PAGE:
Game Off | Private Eye | Salt Lake City | Salt Lake City Weekly
Support the Free Press.
Facts matter. Truth matters. Journalism matters.
Salt Lake City Weekly has been Utah's source of independent news and in-depth journalism since 1984.
Donate today to ensure the legacy continues.

News » Private Eye

Game Off



History will remember that when the University of Utah and BYU basketball teams played for the 257th time in December, the final score was 83 for the Utes and 75 for Cougars. History will forget that in the second half of that game, a BYU player was ejected for coldcocking a Utah player, and that that incident would lead, just a few weeks later, to the University of Utah cancelling the scheduled 2016 basketball game against the Y on BYU's home court.

Just seconds after the announcement, many BYU fans began calling Utah fans and their basketball team "a bunch of pansies." And wussies. And cowards. And fraidy cats. And chickens. And all of that because the head coach of the University of Utah men's basketball team, Larry Krystkowiak, said he was suspending the long, historic rivalry because said rivalry had become so heated that he was concerned for his players' safety.

Since that announcement, you'd think there was nothing else going on in Utah. As with nearly every other hot topic in these parts, discussion quickly distilled—negatively—into religious beliefs or drinking. "Go back to your holy handcart you hypocrite wannabes," came the spew from Utah fans to BYU folks, to which they replied, "Well, at least we're not drunks like you retarded mid-level crybabies."

To an outsider, this must have seemed foolish. To long-of-tooth Utahns, it was nothing new—for every tit, there is always a tat in Utahlandia, and another round of finger pointing.

In the midst of it all, Coach K, as he's known in Utedom (Koach Kry to BYU fans), also became a target since he's the one who is credited with calling off next year's game (which can't be fully true since he didn't need to wait three weeks to do it).

BYU fans quickly retorted that Krystkowiak was a jackass player himself as he, too, was ejected at least once for fighting, and that since he played for Utah Jazz coach Jerry Sloan, he should bear more skin and less hypocrisy. Those were the nice comments.

At a press conference on Monday, Jan. 11, 2016, Krystkowiak admitted that part of his rationale was that he was indeed once a basketball hot-head and his knowing that was a factor.


He also said he would pay back the $80,000 himself, money due to BYU in lieu of playing the game, which was written into the game contract.

Restitution. Did God transfer to the U?

Yet for that paltry sum, it truly reveals that an education at the University of Utah is for squat because someone should have thought of that sooner. If I had the money, I'd have paid it long ago, but no, I have that University of Utah degree and clear thinking wasn't a requirement for me to get it. I spent $80,000 in the Union Building by the time I graduated, much of it on coffee in the Huddle and who knows how much playing snooker and pinball. I got nothing for that except a very rare run of the pool table—which was not captured on my nonexistent PED, so I can't prove it—and some equally rare replays on Bally's Fireball Pinball Machine, the greatest dinger ever. Coach K at least got the pleasure of giving it to his rival.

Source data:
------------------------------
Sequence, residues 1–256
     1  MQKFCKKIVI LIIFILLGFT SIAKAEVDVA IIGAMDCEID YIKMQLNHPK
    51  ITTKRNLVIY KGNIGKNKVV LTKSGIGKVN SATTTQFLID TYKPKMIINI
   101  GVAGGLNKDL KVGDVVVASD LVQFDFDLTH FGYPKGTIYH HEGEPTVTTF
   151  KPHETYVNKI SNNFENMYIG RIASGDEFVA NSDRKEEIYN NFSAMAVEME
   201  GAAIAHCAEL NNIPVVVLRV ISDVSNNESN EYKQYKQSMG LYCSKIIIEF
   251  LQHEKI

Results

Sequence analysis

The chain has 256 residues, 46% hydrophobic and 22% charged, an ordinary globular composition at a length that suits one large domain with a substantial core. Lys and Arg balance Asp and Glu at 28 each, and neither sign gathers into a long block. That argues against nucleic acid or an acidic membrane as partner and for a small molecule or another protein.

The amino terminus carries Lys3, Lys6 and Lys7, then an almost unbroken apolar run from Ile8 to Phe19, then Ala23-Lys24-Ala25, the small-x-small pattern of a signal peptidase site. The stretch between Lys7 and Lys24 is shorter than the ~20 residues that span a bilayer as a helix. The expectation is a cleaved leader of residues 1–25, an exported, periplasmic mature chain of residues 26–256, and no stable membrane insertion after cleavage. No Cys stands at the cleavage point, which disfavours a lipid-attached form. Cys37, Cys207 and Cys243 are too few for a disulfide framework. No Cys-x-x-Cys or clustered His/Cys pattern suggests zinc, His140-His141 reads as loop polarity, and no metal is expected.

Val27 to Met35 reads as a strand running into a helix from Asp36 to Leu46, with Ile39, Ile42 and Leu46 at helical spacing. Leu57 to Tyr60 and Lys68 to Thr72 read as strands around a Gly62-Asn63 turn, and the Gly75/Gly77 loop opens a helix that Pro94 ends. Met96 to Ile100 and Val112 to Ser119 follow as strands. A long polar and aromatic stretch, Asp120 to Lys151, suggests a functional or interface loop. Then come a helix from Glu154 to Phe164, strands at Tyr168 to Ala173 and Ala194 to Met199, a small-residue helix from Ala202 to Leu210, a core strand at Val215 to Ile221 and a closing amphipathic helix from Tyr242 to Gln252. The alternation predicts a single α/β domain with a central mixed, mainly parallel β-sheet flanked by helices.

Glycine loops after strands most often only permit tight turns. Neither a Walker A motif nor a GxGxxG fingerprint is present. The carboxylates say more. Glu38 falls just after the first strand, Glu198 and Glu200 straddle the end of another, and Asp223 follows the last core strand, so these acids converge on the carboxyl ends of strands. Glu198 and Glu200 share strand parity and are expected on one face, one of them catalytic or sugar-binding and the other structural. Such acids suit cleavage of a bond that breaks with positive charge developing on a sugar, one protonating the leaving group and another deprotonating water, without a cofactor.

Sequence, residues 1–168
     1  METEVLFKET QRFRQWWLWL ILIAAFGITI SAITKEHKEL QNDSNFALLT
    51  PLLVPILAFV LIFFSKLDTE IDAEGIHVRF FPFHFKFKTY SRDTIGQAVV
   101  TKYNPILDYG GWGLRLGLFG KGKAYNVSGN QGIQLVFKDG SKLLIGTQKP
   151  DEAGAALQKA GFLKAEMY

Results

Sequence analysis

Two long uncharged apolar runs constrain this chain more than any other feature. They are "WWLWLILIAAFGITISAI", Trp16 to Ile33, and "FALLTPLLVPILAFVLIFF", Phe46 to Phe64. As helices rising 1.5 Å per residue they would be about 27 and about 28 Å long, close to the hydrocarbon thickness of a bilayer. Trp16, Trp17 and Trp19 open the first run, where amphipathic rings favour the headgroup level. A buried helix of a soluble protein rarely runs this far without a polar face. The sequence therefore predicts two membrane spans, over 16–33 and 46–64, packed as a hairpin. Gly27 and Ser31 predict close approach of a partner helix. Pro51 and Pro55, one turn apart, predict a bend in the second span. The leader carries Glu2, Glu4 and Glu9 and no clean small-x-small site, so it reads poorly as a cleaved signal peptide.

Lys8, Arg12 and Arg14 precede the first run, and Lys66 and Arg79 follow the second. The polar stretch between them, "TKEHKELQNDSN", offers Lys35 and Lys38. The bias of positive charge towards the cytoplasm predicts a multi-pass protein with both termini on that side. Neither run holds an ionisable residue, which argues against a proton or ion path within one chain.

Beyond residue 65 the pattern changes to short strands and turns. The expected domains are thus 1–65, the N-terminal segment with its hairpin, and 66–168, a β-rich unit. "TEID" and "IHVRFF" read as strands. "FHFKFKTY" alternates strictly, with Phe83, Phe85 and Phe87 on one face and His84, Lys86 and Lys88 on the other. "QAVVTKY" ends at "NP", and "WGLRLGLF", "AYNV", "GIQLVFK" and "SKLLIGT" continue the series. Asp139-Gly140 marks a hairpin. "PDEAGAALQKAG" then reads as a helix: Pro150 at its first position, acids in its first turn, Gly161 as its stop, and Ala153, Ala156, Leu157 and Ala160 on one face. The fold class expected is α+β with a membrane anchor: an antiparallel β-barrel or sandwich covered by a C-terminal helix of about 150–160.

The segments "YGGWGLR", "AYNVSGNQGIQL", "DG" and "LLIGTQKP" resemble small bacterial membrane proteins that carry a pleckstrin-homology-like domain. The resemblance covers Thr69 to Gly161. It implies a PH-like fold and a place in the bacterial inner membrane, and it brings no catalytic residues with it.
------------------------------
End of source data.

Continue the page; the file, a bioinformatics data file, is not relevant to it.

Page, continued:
Coach K paying out of his own pocket to not play BYU only potentially affects local bartenders, waitresses and sellers of the famous Montana sweetgrass that he burns in pregame, mentally soothing rituals. It will cost the taxpayers nary a cent, which must chagrin certain BYU fans who threw a Hail Mary to the Utah Legislature for intervention. They indignantly said they didn't want their taxes going to a school that was too afraid to play little ole BYU, a non-tax supported school.

It was silly to engage Utah's "get government out of our lives" lawmakers since they've proven since time immemorial that they have no qualms at all about intervening in private enterprise when it suits them. And burning non-Mormons suits them. Like with liquor laws or LGBT rights. However, think about it: When BYU gets money to play Utah—in any sport—isn't that a form of channeling funds (some of it taxpayer driven) to that private, religious institution?

And, if so, why should Utah taxpayers pay for that? Dumb? Hardly—when it comes to Utah and BYU, every argument, no matter whether it is logical or not, makes perfect sense to the person who presents it. It's equally logical for BYU fans to whack me for not making sense to them.

Meanwhile, I believe choosing to skip playing BYU next year didn't happen it in a vacuum. Utah's athletic director Chris Hill says he not only knew about, but supports, the coach's decision.

I also believe that Utah's biggest donors knew. No matter that Coach K is basically gifting 5 percent of his annual salary to BYU (half a tithe), that $80K decision in any other organization could not be made without certain people in the loop. A bank branch manager doesn't say, "Hey, that's a sweet turtleneck ya got, let me give you some money," does he? No.

So, I believe Jon Huntsman Sr. likely knew. Or Spence Eccles. I could be up in the night, but it mostly works that way—the guys who pay the bills want to know what they're paying for. Or they figure out how to get out of the way—something that the BYU men's head basketball coach and the BYU basketball program didn't do when BYU's Nick Emery laid some fist on Ute guard Brandon Taylor and allegedly said, "... and stay fuckin' down, bitch."

It's just a game, right? CW

Send comments to